19 February 2015

Testing the beach for the freshers

It is one of the perks of the job. Having to take students into the field, and then getting the opportunity to go there beforehand, without students, to see what there is to teach. I had already been to Cwm Idwalthe Aberogwen coast, and Llyn Llydaw that way; now it was time to go to Red Wharf Bay. We would be talking to the students there within the framework of the Earth, Climate and Evolution module, on which I also lecture, and of which I supervise some practicals. As is generally the case; James would teach us the teaching. And as is generally the case, he brought his dog.

I travelled with James, and we got to the bay. Penny, the dog, was excited: a big beach! And James had brought a ball! What more could one want. Except that she gets so excited about the ball she doesn't want to give it back to James after having fetched it. That doesn't help! But it kept us busy while the others failed to show up. By the time we got worried they appeared after all. We could set off.
Penny amusing herself while James is lecturing out of sight. Notice the limestone cliffs.

It is an exciting beach! It sits in a low zone on Anglesey that runs all the way from where we were standing to the estuary on the other side, and which actually traces a fault in the crust. This one runs parallel to the Menai Strait, which is a similar fault, but which was eroded out a bit deeper. These faults are still souvenirs from a time when the ocean before the Atlantic Ocean vanished. And the beach has lovely Carboniferous limestone cliffs towering over it; this limestone was deposited when the region was  shallow sea, but the closing of the aforementioned ocean caused the uplift which brought the rock to where it is now.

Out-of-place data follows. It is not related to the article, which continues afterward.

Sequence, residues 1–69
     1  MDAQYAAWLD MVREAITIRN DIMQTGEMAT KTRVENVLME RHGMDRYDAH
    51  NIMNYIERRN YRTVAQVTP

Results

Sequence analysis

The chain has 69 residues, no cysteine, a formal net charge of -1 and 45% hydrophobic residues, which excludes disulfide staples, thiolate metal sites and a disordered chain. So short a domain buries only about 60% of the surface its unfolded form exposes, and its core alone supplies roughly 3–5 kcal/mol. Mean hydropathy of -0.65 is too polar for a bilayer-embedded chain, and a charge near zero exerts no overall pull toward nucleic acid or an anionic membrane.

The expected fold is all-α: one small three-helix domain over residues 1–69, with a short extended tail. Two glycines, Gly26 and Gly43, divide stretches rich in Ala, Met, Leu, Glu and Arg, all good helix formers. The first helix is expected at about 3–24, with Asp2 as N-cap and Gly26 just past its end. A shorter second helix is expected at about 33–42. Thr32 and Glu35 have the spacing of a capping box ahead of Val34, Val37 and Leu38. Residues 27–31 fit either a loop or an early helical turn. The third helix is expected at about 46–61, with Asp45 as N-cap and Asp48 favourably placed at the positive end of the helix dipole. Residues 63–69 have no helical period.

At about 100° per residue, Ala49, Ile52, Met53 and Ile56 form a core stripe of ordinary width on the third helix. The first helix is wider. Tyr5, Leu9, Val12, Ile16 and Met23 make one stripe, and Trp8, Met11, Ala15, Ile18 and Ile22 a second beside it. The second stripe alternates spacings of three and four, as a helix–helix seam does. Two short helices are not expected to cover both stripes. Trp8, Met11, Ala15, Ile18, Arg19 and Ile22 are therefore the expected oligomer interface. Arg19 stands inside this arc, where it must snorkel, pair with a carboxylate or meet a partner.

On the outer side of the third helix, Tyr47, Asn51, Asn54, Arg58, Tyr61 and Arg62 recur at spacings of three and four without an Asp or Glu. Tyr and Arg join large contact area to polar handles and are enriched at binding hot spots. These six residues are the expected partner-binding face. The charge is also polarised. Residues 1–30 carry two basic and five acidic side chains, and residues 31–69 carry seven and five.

Right underneath the cliff

The limestone isn't only interesting as a building material; it also shows some interesting features itself. It has holes in it, caused by dissolution, and filled up with very old sandstone. This means the dissolution must have taken place rather soon after the material was deposited! Which also means the rock must have consolidated rapidly. The sandstone plugs are rather impressive.

James on a sandstone plug in a dissolution hole in the limestone

The limestone also has trace fossils, and in some places, there is Last Glacial till straight on top of it. A lot to talk about! We all liked it, but the dog didn't. She thought all that standing still and talking was unbelievably boring. Couldn't someone throw a ball? Well, no, because she wouldn't give it away, but that didn't stop her from whining in the most pitiful way. So cute, and so distracting! But then James had finally talked us through the entire field day and we could head back, throwing balls liberally. In March we will do this trip for real, with some 100 students. I hope they are as impressed as I was!

1 comment:

Lourens said...

"And James had brought a ball! What more could one want. Except that she gets so excited about the ball she doesn't want to give it back to James after having fetched it."

My grandfather's second to last dog was like that. Completely obsessed with tennisballs. You couldn't get one out of her jaws even if you tried with an industrial sized crowbar. Solution: always bring TWO balls!...